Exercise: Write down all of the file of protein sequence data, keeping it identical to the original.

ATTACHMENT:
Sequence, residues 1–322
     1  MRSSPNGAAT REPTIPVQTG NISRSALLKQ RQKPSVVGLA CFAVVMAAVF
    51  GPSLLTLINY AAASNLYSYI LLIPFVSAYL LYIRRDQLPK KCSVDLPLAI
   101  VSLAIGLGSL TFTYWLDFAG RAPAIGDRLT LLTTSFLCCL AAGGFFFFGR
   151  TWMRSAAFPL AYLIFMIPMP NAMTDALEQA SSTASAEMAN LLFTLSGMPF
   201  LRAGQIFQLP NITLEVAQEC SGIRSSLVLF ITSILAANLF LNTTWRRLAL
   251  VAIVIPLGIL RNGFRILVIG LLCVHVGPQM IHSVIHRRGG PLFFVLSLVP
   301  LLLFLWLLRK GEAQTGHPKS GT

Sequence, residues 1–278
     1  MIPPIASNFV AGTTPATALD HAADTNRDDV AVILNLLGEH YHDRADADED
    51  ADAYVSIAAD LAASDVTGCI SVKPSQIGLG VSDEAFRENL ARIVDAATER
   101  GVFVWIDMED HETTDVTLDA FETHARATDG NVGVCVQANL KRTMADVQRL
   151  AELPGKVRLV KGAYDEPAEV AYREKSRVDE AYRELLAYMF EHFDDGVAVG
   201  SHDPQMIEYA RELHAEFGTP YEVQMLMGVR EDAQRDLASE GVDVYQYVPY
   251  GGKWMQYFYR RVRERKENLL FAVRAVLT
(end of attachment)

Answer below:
Sequence, residues 1–322
     1  MRSSPNGAAT REPTIPVQTG NISRSALLKQ RQKPSVVGLA CFAVVMAAVF
    51  GPSLLTLINY AAASNLYSYI LLIPFVSAYL LYIRRDQLPK KCSVDLPLAI
   101  VSLAIGLGSL TFTYWLDFAG RAPAIGDRLT LLTTSFLCCL AAGGFFFFGR
   151  TWMRSAAFPL AYLIFMIPMP NAMTDALEQA SSTASAEMAN LLFTLSGMPF
   201  LRAGQIFQLP NITLEVAQEC SGIRSSLVLF ITSILAANLF LNTTWRRLAL
   251  VAIVIPLGIL RNGFRILVIG LLCVHVGPQM IHSVIHRRGG PLFFVLSLVP
   301  LLLFLWLLRK GEAQTGHPKS GT

Sequence, residues 1–278
     1  MIPPIASNFV AGTTPATALD HAADTNRDDV AVILNLLGEH YHDRADADED
    51  ADAYVSIAAD LAASDVTGCI SVKPSQIGLG VSDEAFRENL ARIVDAATER
   101  GVFVWIDMED HETTDVTLDA FETHARATDG NVGVCVQANL KRTMADVQRL
   151  AELPGKVRLV KGAYDEPAEV AYREKSRVDE AYRELLAYMF EHFDDGVAVG
   201  SHDPQMIEYA RELHAEFGTP YEVQMLMGVR EDAQRDLASE GVDVYQYVPY
   251  GGKWMQYFYR RVRERKENLL FAVRAVLT